Labor share of GDP: It's on the decline and it's not a huge mystery.

Labor's Declining Share of Income

Labor's Declining Share of Income

Moneybox
A blog about business and economics.
Sept. 26 2012 11:17 AM

Don't Overthink The Declining Labor Share of GDP—The Economy Sucks!

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This is a very real and genuinely alarming phenomenon that it's important not to overthink. Look at that huge increase in the labor share from 1996 to 2000 and you'll see what you really need to know. That's not a time when Americans grabbed their pitchforks and burned down the mansions of the rich. Indeed, as I recall it the rich were actually doing quite well at the time and the stock market was soaring. But the average wage earner was also enjoying a great run because unemployment was super-low.

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It was a crazy time. The way it worked was that if you weren't happy with your job, you could just quit and find a new one. Which meant that if your boss was earning fat profit margins, you could credibly threaten to quit and get a raise. That was great for people who got raises, but it also had awesome knock-on effects all across American society. Some people, for example, were in industries that were genuinely low margin and couldn't afford to hand out raises. So experienced workers would quit those jobs, and low wage employers had to invest time and energy in pulling whole new people into the labor market. It was raises for the previously employed, and new labor market opportunities for folks (high school dropouts, ex cons) who'd be considered "unemployable" today.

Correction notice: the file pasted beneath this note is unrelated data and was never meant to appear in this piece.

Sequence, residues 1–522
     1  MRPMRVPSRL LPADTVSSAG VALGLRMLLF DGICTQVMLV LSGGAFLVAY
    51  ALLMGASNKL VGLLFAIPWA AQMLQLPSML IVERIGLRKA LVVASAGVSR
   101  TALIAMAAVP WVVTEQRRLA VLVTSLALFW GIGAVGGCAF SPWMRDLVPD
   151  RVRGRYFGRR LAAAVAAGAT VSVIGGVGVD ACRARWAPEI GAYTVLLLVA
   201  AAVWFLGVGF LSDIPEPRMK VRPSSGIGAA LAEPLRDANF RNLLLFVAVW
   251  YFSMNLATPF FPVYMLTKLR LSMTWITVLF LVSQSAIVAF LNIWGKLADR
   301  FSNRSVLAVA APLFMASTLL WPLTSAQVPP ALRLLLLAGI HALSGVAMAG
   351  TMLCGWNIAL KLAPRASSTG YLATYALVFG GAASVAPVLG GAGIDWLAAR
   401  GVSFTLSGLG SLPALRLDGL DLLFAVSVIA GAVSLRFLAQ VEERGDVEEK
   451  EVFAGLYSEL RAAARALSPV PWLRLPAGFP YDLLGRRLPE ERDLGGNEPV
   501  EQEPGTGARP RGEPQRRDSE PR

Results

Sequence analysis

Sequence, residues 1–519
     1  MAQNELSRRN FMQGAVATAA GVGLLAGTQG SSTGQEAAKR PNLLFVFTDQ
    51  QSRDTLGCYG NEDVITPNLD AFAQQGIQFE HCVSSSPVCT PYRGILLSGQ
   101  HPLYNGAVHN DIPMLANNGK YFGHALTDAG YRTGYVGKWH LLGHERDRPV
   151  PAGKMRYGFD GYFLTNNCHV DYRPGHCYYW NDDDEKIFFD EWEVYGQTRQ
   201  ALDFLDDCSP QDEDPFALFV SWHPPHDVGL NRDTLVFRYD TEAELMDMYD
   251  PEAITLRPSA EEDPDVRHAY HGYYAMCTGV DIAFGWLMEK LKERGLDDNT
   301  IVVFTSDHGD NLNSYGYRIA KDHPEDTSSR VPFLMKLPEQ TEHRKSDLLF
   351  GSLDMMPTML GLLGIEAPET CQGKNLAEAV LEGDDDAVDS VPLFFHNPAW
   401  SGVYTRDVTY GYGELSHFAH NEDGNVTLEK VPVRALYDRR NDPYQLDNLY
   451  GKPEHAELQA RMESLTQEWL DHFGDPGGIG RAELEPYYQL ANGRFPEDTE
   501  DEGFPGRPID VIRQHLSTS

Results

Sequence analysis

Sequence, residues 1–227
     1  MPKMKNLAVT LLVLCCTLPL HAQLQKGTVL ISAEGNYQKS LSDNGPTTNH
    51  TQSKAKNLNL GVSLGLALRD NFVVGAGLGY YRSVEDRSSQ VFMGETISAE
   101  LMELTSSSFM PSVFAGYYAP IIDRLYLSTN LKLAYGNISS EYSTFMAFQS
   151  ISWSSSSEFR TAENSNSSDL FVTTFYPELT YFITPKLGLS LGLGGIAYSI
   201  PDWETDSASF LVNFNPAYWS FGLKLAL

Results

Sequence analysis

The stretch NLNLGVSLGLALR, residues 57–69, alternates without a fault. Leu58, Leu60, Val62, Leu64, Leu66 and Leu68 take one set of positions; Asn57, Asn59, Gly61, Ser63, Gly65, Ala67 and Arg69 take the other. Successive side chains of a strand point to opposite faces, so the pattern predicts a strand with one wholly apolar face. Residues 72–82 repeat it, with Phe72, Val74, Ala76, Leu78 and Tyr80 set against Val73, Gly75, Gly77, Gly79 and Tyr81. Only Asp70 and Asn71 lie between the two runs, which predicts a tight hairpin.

And it got even better!

In the face of persistent labor shortages and needy demanding workers suddenly it was clear that productivity improvements rather than hard-ass bargaining was the only viable path to higher profitability. And so productivity rose! Rather than endless rounds of givebacks and lockouts, managers were accepting the need to pay people or lose staff and focusing on finding ways to get more output. It was awesome.

For a more technical treatment, I'd refer you to Jared Bernstein and Dean Baker's unjustly neglected 2003 book The Benefits of Full Employment: When Markets Work For People but suffice it to say that full employment—specifically policy that doesn't just pay lip service to the idea, but is actually wlilling to run some risks of possible inflation in its pursuit—is really great. It's especially great for working people, as seen in that chart, but part of what's so amazing about it is that it's actually pretty great for everyone.